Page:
“Post MBO the business plan was to make £1 million profit in year one; we made £9.1 million. In the second year we made £19.7 million, £35.7 million in the third and £70 million in the forth. We are on track to make our target for 2013 year end,” he says.
To deliver this impressive set of numbers Hastings underwent a massive culture change in business operations.
“It was a silo-type business and there were wood panels everywhere,” he says, gesturing around the now brightly coloured and well lit coastal office.
“There were too many excuses for what went wrong and people just didn’t talk to each other. When I joined the company there was a poor attitude and the door to IT was locked.”
Five values were instilled by the leadership team: brave; decent; together; driven; and accountable. No matter your role or department within the organisation, these values form part of your role and the way you are measured. The various brands operated by Hastings are also held accountable to these values.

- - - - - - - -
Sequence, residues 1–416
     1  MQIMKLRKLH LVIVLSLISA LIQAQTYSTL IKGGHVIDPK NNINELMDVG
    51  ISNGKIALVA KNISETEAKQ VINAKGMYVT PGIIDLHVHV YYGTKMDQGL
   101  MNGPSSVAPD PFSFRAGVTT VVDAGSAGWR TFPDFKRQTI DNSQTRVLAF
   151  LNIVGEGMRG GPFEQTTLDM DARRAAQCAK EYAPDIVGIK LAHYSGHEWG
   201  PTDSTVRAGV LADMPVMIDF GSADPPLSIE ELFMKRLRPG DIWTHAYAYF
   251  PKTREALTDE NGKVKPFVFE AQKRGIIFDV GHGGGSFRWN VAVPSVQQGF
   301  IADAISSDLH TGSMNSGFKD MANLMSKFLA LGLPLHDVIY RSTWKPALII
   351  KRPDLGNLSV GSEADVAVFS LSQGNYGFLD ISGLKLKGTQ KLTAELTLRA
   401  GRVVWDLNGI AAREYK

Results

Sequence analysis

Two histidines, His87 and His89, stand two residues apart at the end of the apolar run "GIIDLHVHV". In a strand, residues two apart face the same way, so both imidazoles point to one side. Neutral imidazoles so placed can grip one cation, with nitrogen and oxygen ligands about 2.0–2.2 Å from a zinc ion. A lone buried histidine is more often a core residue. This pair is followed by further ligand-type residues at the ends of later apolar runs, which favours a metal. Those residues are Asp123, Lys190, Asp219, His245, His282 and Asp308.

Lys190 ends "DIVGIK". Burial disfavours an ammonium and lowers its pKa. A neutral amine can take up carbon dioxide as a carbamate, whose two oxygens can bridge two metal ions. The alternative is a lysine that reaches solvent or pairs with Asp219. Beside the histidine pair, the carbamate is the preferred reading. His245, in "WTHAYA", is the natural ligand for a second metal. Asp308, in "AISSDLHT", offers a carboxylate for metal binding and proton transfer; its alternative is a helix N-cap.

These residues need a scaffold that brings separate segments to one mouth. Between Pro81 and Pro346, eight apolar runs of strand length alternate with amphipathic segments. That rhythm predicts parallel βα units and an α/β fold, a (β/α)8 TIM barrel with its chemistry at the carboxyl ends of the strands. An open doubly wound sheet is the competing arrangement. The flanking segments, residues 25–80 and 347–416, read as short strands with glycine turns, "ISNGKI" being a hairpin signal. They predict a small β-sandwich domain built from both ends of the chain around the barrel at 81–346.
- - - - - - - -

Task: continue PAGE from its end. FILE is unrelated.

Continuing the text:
“Eleven months post the MBO, I picked up the customer services and back office functions, as well as quality and customer complaints teams for 18 months” Fairhurst says of how his CIO role expanded with the range of departments in which he hoped to change the culture, and the service offered to customers.
“We had to do some big customer service work. We were transferring calls to different departments for a minor refund of £10.
“The CIO role here is to make the organisation as efficient as possible so that there is the maximum amount of revenue available for re-investment.